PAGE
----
http://bigcatchronicles.blogharbor.com/blog/_archives/2005/8/16/1144435.html

Tristram said...

"The reason ID shouldn't be taught in schools all lies in the word "theory" and it's competing meanings. When scientists refer to the theory of evolution, they refer to theory as (from dictionary.com) "A set of statements or principles devised to explain a group of facts or phenomena, especially one that has been repeatedly tested or is widely accepted and can be used to make predictions about natural phenomena."
OTOH, it can be argued that evolution and ID are both belief systems, that is, neither can be falsified.

leeontheroad said...

I am an academic and beleive in a creator God. It is obvious that a) ID is not a natural science (it is philosophy-- the via negativa, if you will); and b) what biology courses in middle and high school *should* teach is in fact evolutionary biology-- including what of the theory is observed fact and what of it is deduction. Within that, there is always a basic organic chem unit.

In contrast, the biochem of nucleotide sequences is beyond basic chemistry. And is the main area that the few scientists interested in ID are looking at.

The typical high school sequence is

Natural Science
Evol. (plant and animal) Biology
Chemistry
Physics and/or AP Biology

Students' in dpeth questions about the proofs unobserved, if you will, of evolutionary theory belong in other disciplines, with different pedagogy. (The high catch all of social studies, as Ann suggests, a fine place). And at home. And/or in religious eduction settings.

I would have no objection to a well designed multi-disciplinary option course that dicussed the role of "science in society" which could review what we do and don't know about human origins, move into a unit on ID and also include units on bioethics, which I would argue flows naturally into a unit on ecosystems (climatology, hydrology, species diversification). I could easily see economics introduced because the cost factors of various choices are a constraint on the best ideas of scientists and engineers.

But I am realy tired of it being that every soci-political axe to grind works its way into the school curriculum and yet folks complain that so many students can't do math to grade level (which means that they'll never be able to fully comprehend biochem or economic modeling, anyway!)

heldmyw said...

Needing an elective, I (having no other option) ended up in a Philosophy of Religion class one year in college. The professor was very courteous and respectful of the various philosophies, and it was startlingly obvious when the explanation of a particular argument 'fit' a particular persons belief system.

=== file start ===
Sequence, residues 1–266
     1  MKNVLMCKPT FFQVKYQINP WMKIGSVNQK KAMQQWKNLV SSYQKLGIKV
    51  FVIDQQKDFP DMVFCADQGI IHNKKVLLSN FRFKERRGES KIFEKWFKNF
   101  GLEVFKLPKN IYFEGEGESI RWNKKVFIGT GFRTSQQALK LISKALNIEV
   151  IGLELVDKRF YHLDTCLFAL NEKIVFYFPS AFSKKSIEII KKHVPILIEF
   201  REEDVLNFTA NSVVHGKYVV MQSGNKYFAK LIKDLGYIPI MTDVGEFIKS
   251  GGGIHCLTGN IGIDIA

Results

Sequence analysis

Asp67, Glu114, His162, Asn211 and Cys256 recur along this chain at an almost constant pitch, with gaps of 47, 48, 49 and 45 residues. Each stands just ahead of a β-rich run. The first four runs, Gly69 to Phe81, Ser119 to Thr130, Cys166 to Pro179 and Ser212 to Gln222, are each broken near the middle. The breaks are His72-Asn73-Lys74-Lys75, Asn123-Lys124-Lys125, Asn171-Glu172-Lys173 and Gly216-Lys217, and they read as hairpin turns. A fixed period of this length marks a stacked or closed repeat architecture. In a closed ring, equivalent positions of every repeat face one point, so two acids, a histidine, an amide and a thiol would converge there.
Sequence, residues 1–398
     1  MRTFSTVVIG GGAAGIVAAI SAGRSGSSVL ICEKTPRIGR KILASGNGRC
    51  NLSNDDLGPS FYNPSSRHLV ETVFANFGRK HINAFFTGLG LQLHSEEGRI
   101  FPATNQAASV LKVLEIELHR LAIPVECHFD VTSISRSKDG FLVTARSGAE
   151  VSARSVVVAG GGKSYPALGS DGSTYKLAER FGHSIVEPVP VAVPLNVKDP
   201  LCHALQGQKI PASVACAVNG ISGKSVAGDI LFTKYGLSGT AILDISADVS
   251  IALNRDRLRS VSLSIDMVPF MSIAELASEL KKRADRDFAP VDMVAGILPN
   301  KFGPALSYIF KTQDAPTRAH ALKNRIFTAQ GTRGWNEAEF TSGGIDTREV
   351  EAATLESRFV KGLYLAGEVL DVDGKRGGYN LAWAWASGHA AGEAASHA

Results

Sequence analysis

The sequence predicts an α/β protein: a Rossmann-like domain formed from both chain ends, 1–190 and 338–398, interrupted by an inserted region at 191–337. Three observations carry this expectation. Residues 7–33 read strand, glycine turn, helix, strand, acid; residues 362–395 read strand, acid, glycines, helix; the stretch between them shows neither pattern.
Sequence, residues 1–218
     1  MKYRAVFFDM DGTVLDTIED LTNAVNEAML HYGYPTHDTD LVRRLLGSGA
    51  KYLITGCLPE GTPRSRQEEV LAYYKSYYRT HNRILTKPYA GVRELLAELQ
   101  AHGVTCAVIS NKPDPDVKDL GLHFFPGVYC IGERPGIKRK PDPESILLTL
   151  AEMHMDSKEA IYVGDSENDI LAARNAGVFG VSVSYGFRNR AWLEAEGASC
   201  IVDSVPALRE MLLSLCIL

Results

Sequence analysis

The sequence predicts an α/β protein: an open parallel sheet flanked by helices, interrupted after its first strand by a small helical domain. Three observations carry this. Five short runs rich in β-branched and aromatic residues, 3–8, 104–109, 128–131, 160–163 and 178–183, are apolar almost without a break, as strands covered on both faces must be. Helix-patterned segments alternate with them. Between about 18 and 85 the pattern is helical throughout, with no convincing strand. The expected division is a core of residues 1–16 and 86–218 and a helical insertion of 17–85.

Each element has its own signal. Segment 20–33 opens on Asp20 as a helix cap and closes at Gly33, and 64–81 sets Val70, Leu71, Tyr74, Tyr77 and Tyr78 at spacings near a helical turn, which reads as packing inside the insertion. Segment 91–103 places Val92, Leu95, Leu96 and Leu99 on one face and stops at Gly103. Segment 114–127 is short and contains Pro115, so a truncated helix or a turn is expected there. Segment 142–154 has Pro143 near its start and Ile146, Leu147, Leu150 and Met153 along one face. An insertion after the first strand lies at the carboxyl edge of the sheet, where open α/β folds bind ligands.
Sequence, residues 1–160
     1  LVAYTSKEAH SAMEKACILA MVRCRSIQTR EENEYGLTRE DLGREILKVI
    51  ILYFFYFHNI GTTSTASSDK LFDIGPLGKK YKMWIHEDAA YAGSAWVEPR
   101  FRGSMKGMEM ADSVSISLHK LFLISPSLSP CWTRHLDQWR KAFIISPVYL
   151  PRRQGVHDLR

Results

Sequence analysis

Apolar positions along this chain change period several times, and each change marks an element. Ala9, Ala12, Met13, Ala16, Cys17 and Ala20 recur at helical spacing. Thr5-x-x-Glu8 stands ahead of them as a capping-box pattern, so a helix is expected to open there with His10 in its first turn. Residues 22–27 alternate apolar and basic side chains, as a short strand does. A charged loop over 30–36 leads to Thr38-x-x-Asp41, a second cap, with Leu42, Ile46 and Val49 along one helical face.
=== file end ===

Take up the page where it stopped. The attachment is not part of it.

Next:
(i.e.:God is omnipotent and omnipresent. You could hear/feel the Southern Baptists begin to vibrate sympathetically.)

Sadly, when each argument was pursued, each ran afoul of a logical argument (can he make a rock so big that he cannot lift it), that made crashes of long-held and unquestioned faith all but audible in the classroom.

While most survived and were better for the experience, a number of students took pointed questions home and infuriated their parents, ministers, peers, etc., some of whom turned up and demanded at least the flogging, if not the outright execution of the scalawag who broke their childs unquestioning grip on an admittedly childlike belief system. Curses for the Godless ivory-tower purveyors of higher education were the order of the day.

I wonder if it is such a good idea to put faith and other philosophical holdings into the same arena as science for the simple reason that faith doesn't necessarily look for proof. Why? Because it doesn't need proof. That is, after all the nature of faith.

Science requires proof. Each supposition is brutally examined, reexamined, refuted, attacked, throttled, beaten, cajoled, ridiculed and THEN only grudgingly accepted... in part and only until someone can think up another possible reason to begin the assault anew.

You can't even begin to apply the same standards to the two, and God only knows what the fallout might be if you did.

Sloanasaurus said...

I.D. along with the theory of global warming belong in religion and social studies classes.

Neither one has anything to do with learning the scientific method and how to apply the scientific method to go from Step A to Step B.

Troy said...

How can anyone call themselves "scientific" when he/she absolutely refuses to consider one of the proferred explanations of the origins of life?

What if God did create the universe? How in the hell can one expect to even come close to answer when that topic is verboten? Foolish.

Yes, ID and creationism are more theology/philosophy than hard science. Is not ethics part of science too? Aren't these fundamental questions a part of any honest scientific inquiry?

That's why many Christinas are "against" evolution. The absolute exclusion of God from the equation takes just as much faith as the inclusion of God into the matter.

BrianOfAtlanta said...

"When scientists refer to the theory of evolution, they refer to theory as (from dictionary.com) "A set of statements or principles devised to explain a group of facts or phenomena, especially one that has been repeatedly tested or is widely accepted and can be used to make predictions about natural phenomena."